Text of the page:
Submit a Standalone Benefit Category Analysis; Timetable Matches HCPCS Requests

CMS will allow parties to submit benefit category requests  without requesting a HCPCS code.  These requests will be dovetailed with the existing twice-a-year HCPCS review and public comment process.  (E.g. imagine a day with agenda items 1-10 = DME, agenda items 11-15 = Prosthetics, and then agenda items 16-18 are benefit category requests only).  

If parties request a less formal benefit category decision off-cycle from HCPCS meetings, CMS seems to say it will in the future channel such requests into the biannual process rather than giving one-off replies.

I'm not sure how this new process fits with or replaces an existing, but very very rare process, called a National Benefit Category Determination (e.g. here, for IBOT here.)   These resembled NCDs, for 40-page public analyses being publishes, as opposed to implicit or informal benefit category decisions made during coding, or stated in a sentence or two during the issuance of a new HCPCS code.  

Lots About CGM - Continuous Glucose Meters

There are many pages covering precise and hotly debated nuances about the details of CGM policy, which I leave as an exercise to the reader.

OIG Issues Report on Massive Medicare Genetics Spending Growth, Highlights Fraud

The Office of the Inspector General has issued an overdue report on the massive growth in genetic spending & alleged fraud since 2018.   Find the 21 page report here or here.  I say the report is overdue because it's based on data ending in December 2019, and it's nearly 2022.

The report officially highlights what I vigorously pointed out in Fall 2020 based on  CY2019 data - that anomalous spending in genetic testing had skyrocketed.  The OIG report also builds on a July 2020 white paper (24pp) by the Healthcare Fraud Prevention Partnership - here.

The December 16 HHS OIG report documents (page 19) that the highest-spending genetic code in 2019 (and nearly the highest in 2020) was 81408, a code for a grabbag of very rare genes with full sequence reported.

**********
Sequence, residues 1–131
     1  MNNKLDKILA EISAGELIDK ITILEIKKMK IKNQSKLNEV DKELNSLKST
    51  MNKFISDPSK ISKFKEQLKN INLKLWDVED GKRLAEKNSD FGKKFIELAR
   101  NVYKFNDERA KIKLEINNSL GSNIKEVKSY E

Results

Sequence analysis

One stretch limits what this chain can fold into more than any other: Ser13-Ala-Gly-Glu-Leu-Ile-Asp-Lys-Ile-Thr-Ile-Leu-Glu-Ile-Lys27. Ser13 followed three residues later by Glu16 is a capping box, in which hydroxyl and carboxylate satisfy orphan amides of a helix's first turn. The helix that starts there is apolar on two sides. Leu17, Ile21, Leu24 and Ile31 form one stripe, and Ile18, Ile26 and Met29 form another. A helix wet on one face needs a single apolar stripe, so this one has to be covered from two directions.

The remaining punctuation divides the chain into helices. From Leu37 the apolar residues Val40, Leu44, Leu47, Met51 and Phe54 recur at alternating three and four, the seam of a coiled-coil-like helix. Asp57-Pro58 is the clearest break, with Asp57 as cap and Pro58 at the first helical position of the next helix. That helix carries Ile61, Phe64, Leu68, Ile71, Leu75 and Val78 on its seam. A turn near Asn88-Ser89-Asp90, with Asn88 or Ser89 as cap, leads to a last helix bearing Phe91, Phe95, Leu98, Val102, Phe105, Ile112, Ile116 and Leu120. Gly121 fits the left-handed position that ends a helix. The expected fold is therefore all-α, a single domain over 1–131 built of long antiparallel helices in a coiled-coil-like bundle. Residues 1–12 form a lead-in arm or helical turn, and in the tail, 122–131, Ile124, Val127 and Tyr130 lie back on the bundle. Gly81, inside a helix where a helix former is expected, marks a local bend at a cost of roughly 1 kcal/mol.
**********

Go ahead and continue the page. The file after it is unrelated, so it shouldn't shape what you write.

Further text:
• The usage of this code was essentially zero in 2016 and 2017, and popped to $121M and $284M in 2018 and 2019, respectively.  
  •  The genes inside 81408 are so rare, AMA expects they will have very little usage (less than 1000 per year nationally), or else they would be elevated to regular genetic Tier 1 codes.  

81408 Massively Incompetently Handled by CMS

See my five-blog series in December 2021 - here.

For a shorter five-part trail of horrors, here:

#1 Which labs?  Billing for 81408 for Medicare patients by familiar labs like Labcorp, Quest, Invitae, Bioreference, Ambry, and others?   Zero.   Look for billing by pop-up places with names like "ABC Lab" and no website.

#2 Which MACs?  As I've documented in the past, billing for 81408 was essentially zero in the MolDx MACs and the NGS MACs, and was concentrated only in the Novitas and FCSO MACs, and briefly in the now-defunct Cahaba MAC.    

#3 Complete Incompetence at CMS Office of Program Integrity.  In an ongoing scandal that it would be charitable to call "complete incompetence," the Medical Unlikely Edit, or payment cap, for 81408 is 2, allowing fraudulent labs to bill every case in a multiple of 2 ($4000!).   It would have taken only seconds in 2018 or 2019 or 2020 or 2021 to change this edit to 1, saving Medicare about $150M a year, pretty good return on 30 seconds effort by an administrator.  It's even more bizarre because nearly all genetic codes, including Tier 2 codes, have an MUE of 1.   

#4 Problem Understood in Mid 2019; Few Actions by End-2020.   The problems were fully understand by mid 2019, as evidenced in public press releases about Operation Double Helix (here).   Yet spending only dipped slightly for 81408 from CY2019 to the end of CY2020, which is crazy.   Spending should have gone back to near zero, by putting place controls in January 2020 based on findings in 1H2019.   Should have bone back to near zero, as it was in 2016, 2017, 2018.   

Hundreds of millions of dollars gushed out long after the torrent of cash had been fully identified.  

#5 PAMA Paid a Role.   PAMA played a role when PAMA prices were introduced in CY2018.   In 2016-2017, the higher Tier 2 codes including 81408 had minimal utilization, and had no prices set (because they had no Medicare usage!!!!) and had to be manually reviewed and individually paid.  On January 1, 2018, 81408 was assigned a price of $2000 per test and began to autopay, slowly at first, and then madly.   And often in pairs, following the MUE limit of 2.

OIG report (page 14) highlights several categories of fraudulent billing.  (1) Billing for services not performed at all.   (2)  Unbundling of claims or repeat billing.  (3) Blanket ordering of costly panels of rare genes on a series of patients by unscrupulous providers which are then autopaid by the insurer.


See comprehensive year-by-year spending tables pn pages 19-20.  

Note that OIG treats all spending the same, so that $300M spent on Cologuard (under FDA approval and an NCD) is treated the same as $300M spent on 81408 (to pop up labs with no website cited as allegedly fraudulent by DOJ in press releases).   It's all the same in this report. As Becky Winslow remarked on Linked In, "Labs who don't even have the technical ability to perform 81408 have billed and been paid for 81408."

See concise coverage of the OIG report at Genomeweb here.


In Point 2, I noted that the alleged fraudulent claims never occurred MolDx MACs, which devote great resources to genomic payment controls.  However, no payments occurred in the NGS MACs either, which devote de minimis controls (but firm ones) on genetics.